After that the playoff assignments were elsewhere, including the Patriots-Steelers meeting in Pittsburgh for the AFC Championship. Brady started that game but left with an ankle injury and Bledsoe came off the bench to get the Patriots into Super Bowl.

Then came one of those rare moments when you are witnessing history but have the misfortune of not knowing it at the time.

The question of Super Bowl week was whether Bill Belichick would stay with Bledsoe’s winning hand or go back to Brady. Belichick of course waited deep into Super Bowl week before announcing his decision at 8 p.m. on a Thursday night, the second time that season Belichick had opted to stay with Brady over a healthy Bledsoe. And of course Belichick didn’t announce the decision himself (surprise); he had it put out by the team’s media relations director.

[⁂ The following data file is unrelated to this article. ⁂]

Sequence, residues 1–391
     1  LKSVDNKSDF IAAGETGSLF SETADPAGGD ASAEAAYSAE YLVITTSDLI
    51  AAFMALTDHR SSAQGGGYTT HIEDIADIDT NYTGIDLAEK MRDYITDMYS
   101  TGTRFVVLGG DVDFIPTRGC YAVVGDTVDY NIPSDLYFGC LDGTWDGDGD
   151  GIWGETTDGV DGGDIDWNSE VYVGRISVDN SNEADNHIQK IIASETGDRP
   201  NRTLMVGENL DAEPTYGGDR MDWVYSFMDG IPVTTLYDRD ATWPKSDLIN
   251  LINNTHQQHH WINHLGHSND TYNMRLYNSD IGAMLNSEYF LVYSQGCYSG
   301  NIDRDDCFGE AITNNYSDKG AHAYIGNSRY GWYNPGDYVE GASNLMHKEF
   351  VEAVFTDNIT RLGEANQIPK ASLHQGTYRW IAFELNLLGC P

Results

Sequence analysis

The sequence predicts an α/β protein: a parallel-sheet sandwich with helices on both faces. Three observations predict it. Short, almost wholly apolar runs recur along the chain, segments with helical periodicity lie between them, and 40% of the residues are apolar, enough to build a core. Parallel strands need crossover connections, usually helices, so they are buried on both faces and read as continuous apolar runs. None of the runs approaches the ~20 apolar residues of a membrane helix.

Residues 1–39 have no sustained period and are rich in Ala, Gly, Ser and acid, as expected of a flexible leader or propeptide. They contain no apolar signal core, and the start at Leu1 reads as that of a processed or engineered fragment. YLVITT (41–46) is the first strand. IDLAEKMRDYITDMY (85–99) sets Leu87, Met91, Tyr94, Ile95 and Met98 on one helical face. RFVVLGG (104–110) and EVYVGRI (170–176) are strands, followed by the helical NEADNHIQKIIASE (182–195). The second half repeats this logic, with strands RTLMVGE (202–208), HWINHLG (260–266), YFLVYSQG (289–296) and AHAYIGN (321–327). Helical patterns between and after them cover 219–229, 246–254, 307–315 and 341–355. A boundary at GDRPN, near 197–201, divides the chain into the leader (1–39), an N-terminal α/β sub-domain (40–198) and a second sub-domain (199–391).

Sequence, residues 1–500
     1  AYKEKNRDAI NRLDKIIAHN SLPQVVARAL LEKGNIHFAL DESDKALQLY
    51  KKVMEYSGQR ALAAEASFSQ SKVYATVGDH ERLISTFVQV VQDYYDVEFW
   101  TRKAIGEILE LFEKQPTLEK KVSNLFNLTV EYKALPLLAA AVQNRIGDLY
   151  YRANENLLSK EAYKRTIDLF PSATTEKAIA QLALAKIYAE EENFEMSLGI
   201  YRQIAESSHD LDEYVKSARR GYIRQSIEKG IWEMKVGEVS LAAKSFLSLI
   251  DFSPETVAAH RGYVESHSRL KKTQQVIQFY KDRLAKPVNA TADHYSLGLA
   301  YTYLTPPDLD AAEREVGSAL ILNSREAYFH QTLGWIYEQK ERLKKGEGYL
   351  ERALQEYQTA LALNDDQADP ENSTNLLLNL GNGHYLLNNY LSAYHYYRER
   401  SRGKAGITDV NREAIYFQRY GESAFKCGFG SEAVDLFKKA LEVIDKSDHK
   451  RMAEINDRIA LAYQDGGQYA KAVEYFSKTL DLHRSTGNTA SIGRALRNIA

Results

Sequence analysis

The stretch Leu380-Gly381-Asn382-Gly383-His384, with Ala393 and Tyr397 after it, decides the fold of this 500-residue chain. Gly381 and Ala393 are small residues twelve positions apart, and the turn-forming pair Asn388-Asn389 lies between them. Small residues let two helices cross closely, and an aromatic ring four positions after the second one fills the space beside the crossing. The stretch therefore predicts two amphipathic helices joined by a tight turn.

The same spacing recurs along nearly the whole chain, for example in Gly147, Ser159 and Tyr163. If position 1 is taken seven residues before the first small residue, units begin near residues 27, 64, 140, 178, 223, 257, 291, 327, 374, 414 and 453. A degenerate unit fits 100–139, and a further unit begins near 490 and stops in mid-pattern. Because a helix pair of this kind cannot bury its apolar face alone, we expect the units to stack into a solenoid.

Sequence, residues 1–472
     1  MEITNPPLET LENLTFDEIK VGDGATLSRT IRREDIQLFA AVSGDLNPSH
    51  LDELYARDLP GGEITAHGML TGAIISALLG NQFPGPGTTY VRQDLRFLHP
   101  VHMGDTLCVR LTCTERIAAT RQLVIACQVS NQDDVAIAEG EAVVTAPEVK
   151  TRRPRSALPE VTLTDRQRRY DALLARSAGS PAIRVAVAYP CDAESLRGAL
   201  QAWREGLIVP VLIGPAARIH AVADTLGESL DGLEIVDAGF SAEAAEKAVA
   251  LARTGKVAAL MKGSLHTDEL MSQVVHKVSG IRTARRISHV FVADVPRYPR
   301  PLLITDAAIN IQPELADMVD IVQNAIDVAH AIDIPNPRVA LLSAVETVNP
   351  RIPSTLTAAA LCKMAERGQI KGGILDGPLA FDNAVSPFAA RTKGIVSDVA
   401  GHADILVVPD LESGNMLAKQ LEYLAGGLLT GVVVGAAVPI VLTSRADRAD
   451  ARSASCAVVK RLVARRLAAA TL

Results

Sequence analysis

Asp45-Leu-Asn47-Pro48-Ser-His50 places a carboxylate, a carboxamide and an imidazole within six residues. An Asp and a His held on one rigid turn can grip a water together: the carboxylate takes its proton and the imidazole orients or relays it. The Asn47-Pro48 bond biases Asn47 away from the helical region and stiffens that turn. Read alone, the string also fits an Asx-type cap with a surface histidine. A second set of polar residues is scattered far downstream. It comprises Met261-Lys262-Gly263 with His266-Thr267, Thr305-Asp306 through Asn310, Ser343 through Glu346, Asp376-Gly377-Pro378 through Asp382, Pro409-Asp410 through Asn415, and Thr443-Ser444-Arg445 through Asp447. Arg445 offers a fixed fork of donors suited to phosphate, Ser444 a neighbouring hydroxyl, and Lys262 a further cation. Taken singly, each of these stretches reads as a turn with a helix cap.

You did have to respect Belichick, though, going into his first Super Bowl as a head coach with a sixth-round draft choice at quarterback and leaving a former (1992) No. 1-overall pick with a $100-million contract on the bench. The Patriots upset The Greatest Show on Turf Rams in that Super Bowl, Brady was MVP, and Bledsoe was traded to Buffalo that offseason.

History.

That Super Bowl also included one of those performance snapshots the Bears envision for Mitch Trubisky but missed a chance to let him attempt last Sunday at Miami in his 17th NFL start. Brady took the Patriots on a drive starting at their own 17 with 1:30 to play and no timeouts, ending with an Adam Vinatieri field-goal winner.